Connecticut's best bet is to pressure her, get a hand in Jackson's face and try to make her shoot the ball on the move a little more often. She's very comfortable shooting the ball with her feet set.

The key, though, will be the Sun's ability to make defensive adjustments. Jackson is so good at reading defenses and passing under pressure that she can break down the double- and triple-teams running at her. So Connecticut must play smart, adjust its defensive game plan and react to Jackson.

The Monarchs failed to change their defensive tactics Tuesday, and it cost them. Seattle continuously beat Sacramento on the screen-roll, because the Monarchs insisted on relying on step-help to stop it. Sacramento's posts couldn't get back in time to prevent Jackson from screening and popping.

If the Sun find themselves in a similar situation, they should look to stop Sue Bird from turning her shoulders toward the rim and fight over the top on her, hopefully getting some weak-side help that forces Bird to kick out the pass. Yes, Jackson is shooting incredibly well from the perimeter, but you've got to play the percentages.

In the postseason, the Sun are limiting opponents to 38 percent shooting -- down from 43 percent in the regular season -- and 29 percent on 3-pointers -- down from 38 percent.
X-factors: Since these are two very physical teams, foul trouble could be a factor. Expect the Sun to try and get Jackson in trouble early.

The game might also come down to which bench plays better. Neither team goes very deep at all - Seattle's reserves have scored just 22 percent of the Storm's offense, while Sun reserves account for only 19 percent of Connecticut's offense. Still, both benches boast some talented players, especially Connecticut's Asjha Jones. The former UConn star is scoring 8.0 points per game in the playoffs, and like reserve point guard Debbie Black, gives the Sun a defensive boost.

For Seattle, Tully Bevilaqua and Alicia Thompson can be key contributors. Bevilaqua stepped in when Bird missed most of Game 2 against Minnesota in the first round after suffering a broken nose, and Thompson scored seven straight points to jumpstart a 20-0 run that put away Sacramento in the second half Tuesday.

While the Sun have some great spot-up 3-point shooters, Seattle's Betty Lennox could provide a mismatch in the backcourt, too. She can create her own shot off the dribble better than most, and is quicker than most, too. She can penetrate and slash inside very effectively.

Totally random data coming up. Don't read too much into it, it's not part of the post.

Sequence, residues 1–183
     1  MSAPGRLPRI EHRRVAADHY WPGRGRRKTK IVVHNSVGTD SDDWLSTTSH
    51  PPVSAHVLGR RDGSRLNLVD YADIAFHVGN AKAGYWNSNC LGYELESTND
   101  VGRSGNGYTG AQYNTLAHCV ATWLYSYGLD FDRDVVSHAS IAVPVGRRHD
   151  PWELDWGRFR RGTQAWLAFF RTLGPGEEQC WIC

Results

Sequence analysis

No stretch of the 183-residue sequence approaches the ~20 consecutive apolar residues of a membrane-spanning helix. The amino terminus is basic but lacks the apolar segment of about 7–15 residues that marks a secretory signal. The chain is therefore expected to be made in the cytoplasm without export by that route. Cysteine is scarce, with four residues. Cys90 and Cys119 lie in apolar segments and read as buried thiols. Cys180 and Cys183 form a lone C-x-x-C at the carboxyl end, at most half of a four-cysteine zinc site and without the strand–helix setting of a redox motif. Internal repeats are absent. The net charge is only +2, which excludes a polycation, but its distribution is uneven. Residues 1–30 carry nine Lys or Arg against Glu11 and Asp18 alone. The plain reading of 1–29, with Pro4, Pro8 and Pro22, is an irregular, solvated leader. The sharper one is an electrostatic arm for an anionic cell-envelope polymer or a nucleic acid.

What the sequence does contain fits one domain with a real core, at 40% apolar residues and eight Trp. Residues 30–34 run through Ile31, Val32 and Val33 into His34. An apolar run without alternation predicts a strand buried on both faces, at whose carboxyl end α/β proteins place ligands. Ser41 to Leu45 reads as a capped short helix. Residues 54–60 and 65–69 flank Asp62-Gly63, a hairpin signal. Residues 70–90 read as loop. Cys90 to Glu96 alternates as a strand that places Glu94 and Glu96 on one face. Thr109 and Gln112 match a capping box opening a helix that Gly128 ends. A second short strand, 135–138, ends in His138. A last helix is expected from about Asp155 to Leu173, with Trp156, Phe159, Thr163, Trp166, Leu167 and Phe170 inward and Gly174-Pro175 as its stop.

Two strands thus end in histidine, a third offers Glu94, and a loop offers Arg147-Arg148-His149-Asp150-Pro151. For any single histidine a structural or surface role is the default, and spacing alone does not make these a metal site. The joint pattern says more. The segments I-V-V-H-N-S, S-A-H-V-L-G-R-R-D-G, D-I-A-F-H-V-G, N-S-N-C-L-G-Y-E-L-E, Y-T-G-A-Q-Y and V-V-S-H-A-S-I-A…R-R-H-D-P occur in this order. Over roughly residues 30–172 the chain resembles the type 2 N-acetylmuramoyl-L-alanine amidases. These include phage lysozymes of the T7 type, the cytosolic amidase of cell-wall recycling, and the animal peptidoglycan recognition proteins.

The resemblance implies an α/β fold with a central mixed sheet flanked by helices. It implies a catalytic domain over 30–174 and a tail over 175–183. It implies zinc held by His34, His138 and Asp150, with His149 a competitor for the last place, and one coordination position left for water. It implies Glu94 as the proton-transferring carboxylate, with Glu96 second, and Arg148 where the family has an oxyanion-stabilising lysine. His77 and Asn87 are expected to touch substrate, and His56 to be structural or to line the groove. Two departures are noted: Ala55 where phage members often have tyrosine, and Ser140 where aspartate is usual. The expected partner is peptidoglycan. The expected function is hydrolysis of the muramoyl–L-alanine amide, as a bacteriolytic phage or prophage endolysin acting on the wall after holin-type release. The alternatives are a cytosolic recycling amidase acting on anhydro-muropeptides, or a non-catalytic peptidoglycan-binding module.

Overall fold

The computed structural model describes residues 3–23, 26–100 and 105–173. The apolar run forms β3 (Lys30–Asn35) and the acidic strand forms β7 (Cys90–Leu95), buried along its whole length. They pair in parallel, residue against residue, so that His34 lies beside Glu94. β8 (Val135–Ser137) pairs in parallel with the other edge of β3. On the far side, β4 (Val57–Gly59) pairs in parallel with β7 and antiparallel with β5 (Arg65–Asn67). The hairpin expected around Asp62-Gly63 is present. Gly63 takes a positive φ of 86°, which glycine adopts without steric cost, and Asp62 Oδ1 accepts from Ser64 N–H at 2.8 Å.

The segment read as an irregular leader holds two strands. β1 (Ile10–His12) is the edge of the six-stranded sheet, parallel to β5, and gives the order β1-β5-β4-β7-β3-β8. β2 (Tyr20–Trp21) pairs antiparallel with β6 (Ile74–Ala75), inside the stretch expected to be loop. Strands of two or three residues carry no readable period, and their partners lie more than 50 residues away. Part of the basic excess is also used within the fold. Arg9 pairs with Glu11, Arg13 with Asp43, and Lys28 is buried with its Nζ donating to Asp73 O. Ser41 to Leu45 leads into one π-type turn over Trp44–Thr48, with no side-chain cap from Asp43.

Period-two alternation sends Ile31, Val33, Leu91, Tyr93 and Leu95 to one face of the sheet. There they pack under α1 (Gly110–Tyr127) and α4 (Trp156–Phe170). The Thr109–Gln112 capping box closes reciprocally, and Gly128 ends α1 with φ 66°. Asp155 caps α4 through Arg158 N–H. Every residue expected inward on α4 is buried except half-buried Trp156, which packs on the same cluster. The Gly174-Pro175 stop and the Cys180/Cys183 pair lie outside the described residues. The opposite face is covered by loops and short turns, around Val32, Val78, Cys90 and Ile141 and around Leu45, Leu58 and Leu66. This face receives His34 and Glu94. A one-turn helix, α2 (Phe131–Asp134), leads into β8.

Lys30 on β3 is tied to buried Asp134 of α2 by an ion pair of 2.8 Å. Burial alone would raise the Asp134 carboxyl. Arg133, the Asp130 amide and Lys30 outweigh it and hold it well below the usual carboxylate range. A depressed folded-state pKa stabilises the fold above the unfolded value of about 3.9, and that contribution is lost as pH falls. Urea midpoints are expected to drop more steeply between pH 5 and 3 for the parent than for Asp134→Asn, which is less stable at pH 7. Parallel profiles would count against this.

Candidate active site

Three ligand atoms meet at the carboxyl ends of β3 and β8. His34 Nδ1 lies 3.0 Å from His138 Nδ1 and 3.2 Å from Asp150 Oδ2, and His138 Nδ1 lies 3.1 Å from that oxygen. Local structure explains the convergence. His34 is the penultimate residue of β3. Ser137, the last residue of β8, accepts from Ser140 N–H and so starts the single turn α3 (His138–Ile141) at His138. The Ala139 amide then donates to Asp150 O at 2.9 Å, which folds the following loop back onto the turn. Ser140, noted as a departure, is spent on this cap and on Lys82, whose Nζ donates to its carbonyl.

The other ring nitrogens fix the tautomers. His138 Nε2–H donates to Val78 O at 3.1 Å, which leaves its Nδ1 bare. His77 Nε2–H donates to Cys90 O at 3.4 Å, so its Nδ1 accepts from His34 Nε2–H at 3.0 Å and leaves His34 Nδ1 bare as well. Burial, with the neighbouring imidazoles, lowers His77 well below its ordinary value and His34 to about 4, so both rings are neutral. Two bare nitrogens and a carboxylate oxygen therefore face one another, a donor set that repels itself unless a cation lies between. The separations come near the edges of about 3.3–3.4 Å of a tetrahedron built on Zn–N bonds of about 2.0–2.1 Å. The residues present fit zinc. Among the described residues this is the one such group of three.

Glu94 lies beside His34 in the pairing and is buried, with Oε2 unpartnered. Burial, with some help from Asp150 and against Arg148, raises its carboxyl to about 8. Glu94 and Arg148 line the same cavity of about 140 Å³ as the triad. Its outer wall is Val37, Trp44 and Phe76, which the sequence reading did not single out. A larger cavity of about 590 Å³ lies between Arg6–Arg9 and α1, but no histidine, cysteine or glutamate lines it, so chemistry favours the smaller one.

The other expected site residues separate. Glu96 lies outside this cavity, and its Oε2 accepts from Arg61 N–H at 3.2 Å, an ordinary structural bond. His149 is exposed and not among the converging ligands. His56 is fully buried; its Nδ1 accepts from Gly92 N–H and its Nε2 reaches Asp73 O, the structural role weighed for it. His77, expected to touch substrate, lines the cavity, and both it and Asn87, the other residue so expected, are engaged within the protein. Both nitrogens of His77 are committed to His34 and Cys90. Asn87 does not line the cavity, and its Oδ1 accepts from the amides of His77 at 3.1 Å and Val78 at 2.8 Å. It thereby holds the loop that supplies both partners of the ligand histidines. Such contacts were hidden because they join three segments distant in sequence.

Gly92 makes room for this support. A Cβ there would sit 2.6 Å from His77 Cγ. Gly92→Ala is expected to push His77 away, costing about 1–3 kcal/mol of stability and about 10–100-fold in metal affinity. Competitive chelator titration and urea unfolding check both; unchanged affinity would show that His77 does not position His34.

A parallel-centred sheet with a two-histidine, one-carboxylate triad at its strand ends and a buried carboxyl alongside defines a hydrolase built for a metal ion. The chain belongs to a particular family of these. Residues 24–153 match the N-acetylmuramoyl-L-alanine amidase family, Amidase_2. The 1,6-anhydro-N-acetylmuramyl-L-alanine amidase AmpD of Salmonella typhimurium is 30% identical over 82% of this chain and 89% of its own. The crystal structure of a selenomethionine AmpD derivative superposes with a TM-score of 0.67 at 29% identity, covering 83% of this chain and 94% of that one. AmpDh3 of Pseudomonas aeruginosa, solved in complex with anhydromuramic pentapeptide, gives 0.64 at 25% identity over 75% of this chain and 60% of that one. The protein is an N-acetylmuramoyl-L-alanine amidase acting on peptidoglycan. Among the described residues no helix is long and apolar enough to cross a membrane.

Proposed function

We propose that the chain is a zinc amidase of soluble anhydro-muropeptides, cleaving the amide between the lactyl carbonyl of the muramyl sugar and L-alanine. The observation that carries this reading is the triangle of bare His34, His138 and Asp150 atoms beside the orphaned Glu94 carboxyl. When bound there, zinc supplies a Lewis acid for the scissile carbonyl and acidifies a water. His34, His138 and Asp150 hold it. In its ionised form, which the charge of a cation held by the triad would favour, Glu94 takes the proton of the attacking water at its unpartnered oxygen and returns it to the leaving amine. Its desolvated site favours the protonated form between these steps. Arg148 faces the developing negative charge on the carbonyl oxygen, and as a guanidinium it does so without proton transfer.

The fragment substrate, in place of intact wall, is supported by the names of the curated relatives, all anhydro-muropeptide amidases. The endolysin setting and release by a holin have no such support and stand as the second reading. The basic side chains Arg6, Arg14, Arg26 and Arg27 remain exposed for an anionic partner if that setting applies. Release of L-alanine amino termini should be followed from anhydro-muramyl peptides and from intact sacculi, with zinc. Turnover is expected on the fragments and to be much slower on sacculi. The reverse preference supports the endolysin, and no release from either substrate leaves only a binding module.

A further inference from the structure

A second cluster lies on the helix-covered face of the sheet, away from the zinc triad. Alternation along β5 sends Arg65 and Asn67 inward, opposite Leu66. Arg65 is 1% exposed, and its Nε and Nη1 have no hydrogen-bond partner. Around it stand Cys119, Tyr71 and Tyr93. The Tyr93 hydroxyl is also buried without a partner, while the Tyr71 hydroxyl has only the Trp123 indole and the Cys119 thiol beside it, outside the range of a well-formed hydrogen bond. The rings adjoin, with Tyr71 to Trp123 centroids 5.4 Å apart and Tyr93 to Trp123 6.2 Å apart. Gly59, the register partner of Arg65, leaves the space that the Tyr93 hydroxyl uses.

Vodichkova also is key for Seatttle. She had a double-double in the Storm's lone victory over the Sun this season, but was held to only one point and two boards in 16 minutes as Seattle lost to Connecticut on Sept. 12.
Matchup to watch -- Bird vs. Whalen: The state of Connecticut's favorite point guard is coming home ... to play Connecticut's new favorite point guard.

Bird, right, led the UConn Huskies to NCAA titles in 2000 and 2002, and folks in the Nutmeg State have continued following their former star from 3,000 miles away. Sometimes it seems people living in Connecticut know as much about Bird and the Storm, and now Diana Taurasi and the Mercury, as they do about their hometown team.

And as much as UConn fans loved seeing Taurasi and the Huskies top Whalen, far right, and Minnesota at the Final Four last April, they quickly have embraced Whalen now that she's turning heads at Mohegan Sun.

On the court, Bird and Whalen are two of the league's top point guards and can be very flashy. Whalen is averaging 4.6 assists per game in the playoffs; Bird's dishing out 4.2 per game.
In the regular season: The Sun and Storm split the season series, with each team winning on its home court. In their first meeting on June 11, the Storm won 68-63. On Sept. 12, the Sun topped the Storm 71-64.
Bottom line: Both teams are playing their best basketball of the season, and some of the best young stars in the league are battling for their first WNBA title. No one on either roster has ever competed in the WNBA championship before, but both teams have proven they are resilient. In the conference finals, Seattle overcame a 0-1 deficit, while Connecticut proved it can win on the road, stealing Game 1 at Madison Square Garden. Because of their conference final sweep, the Sun haven't played since Sunday, while Seattle had only two off days -- and flew across the country -- in between its series.
  •'s WNBA Finals breakdown
  • Nancy Lieberman, an ESPN analyst and Hall of Famer, is a regular contributor to's women's basketball coverage. Contact her at